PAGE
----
Having won the Oscar for the fantastic documentary feature 20 Feet From Stardom, filmmaker Morgan Neville returns with his latest endeavour, chronicling the life of American TV host, and remarkably nice guy, Fred Rogers. When in London promoting his new film we had the chance to sit down and chat with the esteemed documentarian, as we asked him all about his very favourite movies, and how they have helped to shape his accomplished career.
What’s the first movie you ever fell in love with? Willy Wonka and the Chocolate Factory. It’s one of the first films I ever remember seeing, and it was both frightening and engrossing, it’s kind of a terrifying children’s movie. It really stuck with me and it’s a film I’ve watched again and again and again over the years, and now with my own children. It’s kind of indelible in that way.
What’s the one film you never get tired of watching? All The President’s Men. I love that movie so much. I started my career as a journalist and I think of journalism as a heroic pursuit, unlike other people in our culture. And it’s a great detective story, at the same time. So that’s a film I cannot stop watching if I come across it.
Your favourite soundtrack? Um… I’m trying to think of something that’s not cliché, and I listen to soundtracks all the time. I’m a big John Carpenter fan and I, as a kid learning piano, just wanted to learn all of the John Carpenter themes, so I loved them, and not only Halloween, but Escape From New York, Assault on Precinct 13, all those early themes. They bring me back to my childhood when I listen to those soundtracks.
What’s your guilty pleasure? I’m definitely a big soft, rom-com fan. So like Jerry Maguire or something. I don’t know if I should feel guilty about that or not.
What’s the one scene that always makes you cry? There’s actually a scene in my film Won’t You Be My Neighbour? which makes me cry every time I watch it. It’s this tiny moment where he’s visiting a college campus and this girl comes up to him and says that she wasn’t able to go to school as a young child and that he was her childhood education, watching his show. It just gets me every time. A lot of tears in that film. But let’s see, what else would mine be… I don’t know, I’m trying to think of a movie I’ve watched more than once that really gets me. Documentaries I often find do it, there are some really touching ones, I just saw one this year called The Distant Barking of Dogs, about these boys in Ukraine in the middle of the war, and it’s just so sad and devastating, that film really got me.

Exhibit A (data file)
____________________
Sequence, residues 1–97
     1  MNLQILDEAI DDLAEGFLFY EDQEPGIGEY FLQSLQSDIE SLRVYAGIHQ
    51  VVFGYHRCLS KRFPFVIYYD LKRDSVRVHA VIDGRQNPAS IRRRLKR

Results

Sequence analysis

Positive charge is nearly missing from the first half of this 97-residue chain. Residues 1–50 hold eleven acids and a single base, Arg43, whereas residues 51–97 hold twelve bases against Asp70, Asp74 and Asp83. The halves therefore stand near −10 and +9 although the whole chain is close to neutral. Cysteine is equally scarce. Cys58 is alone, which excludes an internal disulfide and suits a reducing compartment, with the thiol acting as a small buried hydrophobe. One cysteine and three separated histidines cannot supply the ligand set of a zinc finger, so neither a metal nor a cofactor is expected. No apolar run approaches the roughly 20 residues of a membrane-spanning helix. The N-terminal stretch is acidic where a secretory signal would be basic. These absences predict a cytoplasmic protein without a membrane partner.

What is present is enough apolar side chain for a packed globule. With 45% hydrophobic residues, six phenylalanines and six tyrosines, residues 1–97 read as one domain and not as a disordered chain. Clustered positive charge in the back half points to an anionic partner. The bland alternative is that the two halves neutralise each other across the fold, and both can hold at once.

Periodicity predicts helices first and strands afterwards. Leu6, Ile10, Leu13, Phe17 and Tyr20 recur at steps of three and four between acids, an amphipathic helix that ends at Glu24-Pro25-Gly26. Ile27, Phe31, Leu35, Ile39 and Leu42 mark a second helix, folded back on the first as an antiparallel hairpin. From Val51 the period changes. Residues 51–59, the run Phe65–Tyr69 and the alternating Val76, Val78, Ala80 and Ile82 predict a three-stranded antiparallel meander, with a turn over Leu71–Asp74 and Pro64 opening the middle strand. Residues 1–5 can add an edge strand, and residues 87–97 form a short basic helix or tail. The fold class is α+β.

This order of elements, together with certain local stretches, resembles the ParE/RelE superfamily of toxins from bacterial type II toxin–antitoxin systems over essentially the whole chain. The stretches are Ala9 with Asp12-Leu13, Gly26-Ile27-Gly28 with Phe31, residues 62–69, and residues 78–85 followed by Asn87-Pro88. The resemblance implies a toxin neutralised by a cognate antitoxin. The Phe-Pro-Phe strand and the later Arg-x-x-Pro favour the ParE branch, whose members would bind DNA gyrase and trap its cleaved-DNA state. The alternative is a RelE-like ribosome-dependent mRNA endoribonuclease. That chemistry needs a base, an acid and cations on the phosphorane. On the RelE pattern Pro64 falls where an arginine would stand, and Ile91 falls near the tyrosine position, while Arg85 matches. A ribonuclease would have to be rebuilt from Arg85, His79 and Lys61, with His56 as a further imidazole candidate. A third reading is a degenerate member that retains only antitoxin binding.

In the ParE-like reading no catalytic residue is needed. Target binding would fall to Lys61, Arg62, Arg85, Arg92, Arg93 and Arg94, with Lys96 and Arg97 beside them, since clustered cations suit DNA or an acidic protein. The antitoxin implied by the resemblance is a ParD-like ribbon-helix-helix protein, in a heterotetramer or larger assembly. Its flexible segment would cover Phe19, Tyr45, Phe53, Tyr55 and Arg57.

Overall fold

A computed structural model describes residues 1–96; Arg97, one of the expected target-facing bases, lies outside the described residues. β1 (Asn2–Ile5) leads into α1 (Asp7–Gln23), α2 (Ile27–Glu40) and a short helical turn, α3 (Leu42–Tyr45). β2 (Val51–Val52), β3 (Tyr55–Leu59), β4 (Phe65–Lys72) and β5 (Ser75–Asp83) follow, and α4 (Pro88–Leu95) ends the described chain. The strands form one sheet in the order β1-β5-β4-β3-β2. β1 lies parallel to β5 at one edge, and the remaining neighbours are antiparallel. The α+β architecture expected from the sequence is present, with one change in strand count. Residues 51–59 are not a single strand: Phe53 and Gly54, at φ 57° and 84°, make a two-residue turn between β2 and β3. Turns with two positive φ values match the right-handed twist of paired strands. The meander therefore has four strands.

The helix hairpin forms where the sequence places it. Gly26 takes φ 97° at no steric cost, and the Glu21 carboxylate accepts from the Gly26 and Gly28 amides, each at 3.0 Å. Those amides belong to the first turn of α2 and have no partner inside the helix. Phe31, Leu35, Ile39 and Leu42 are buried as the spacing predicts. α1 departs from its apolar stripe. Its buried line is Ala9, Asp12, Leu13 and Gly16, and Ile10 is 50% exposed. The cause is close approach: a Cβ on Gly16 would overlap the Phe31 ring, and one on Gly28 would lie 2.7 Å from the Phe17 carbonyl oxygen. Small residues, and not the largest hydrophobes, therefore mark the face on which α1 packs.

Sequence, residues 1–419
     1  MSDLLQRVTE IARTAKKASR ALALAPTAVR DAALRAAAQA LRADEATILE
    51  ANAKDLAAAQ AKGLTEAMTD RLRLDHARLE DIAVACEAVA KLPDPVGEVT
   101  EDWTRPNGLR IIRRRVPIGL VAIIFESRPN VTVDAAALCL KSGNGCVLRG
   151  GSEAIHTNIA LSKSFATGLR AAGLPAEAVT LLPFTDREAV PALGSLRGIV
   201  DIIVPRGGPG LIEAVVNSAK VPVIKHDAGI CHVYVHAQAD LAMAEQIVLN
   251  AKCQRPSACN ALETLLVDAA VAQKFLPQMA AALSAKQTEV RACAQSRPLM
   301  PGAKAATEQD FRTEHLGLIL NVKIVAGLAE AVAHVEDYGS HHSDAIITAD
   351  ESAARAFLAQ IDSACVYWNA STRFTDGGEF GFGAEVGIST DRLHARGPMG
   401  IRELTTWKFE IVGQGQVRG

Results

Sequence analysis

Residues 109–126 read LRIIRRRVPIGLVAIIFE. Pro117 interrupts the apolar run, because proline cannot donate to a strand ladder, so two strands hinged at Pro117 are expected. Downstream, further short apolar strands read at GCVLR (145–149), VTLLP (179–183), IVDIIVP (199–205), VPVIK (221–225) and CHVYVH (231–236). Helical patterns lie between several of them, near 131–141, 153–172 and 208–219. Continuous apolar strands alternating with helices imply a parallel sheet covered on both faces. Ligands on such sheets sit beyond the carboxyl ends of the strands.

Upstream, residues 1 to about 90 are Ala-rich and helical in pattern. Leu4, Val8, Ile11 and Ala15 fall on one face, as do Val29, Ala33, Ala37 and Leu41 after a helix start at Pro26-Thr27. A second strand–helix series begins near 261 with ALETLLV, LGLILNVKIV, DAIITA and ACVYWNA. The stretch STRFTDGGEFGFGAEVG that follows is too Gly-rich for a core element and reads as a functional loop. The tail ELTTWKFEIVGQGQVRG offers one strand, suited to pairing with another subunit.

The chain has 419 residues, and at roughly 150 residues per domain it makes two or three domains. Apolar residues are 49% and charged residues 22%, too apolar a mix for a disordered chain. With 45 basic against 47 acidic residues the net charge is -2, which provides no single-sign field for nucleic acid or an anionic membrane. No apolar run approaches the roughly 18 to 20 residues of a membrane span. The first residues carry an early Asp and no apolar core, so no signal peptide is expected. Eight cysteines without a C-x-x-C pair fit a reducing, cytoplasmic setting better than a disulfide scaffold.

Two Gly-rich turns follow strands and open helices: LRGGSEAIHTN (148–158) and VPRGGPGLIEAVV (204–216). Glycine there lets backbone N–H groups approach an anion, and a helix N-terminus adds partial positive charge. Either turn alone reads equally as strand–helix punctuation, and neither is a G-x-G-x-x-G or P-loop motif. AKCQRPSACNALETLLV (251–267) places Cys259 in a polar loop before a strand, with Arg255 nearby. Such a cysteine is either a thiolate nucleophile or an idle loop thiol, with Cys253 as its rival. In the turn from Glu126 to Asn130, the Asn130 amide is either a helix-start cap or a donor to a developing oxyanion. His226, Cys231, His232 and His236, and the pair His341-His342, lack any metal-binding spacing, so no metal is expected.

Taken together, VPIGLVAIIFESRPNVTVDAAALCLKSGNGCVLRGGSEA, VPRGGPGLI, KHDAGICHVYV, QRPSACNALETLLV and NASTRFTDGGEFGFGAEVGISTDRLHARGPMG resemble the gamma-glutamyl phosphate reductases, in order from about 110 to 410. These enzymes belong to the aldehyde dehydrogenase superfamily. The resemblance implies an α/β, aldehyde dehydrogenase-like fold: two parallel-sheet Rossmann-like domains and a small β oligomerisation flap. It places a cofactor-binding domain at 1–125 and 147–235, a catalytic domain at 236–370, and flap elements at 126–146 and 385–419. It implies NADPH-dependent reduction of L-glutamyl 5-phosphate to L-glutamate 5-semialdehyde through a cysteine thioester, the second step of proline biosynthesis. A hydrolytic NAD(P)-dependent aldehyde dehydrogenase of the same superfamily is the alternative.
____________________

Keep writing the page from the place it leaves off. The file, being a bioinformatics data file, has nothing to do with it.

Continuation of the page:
What’s your favourite ever documentary?
I mean there are so many great documentaries. I love films like Crumb or Brother’s Keeper, but in a way the film that maybe impacted me the most was When We Were Kings, the boxing film. It’s the type of film I love, taking these figures you think you know and this event you maybe know and just re-contextualising it in a way that makes you see it all new. The use of music and everything in that film… I saw that film just when I was beginning to make films and I think I’ve watched it so many times, it’s just brilliantly edited.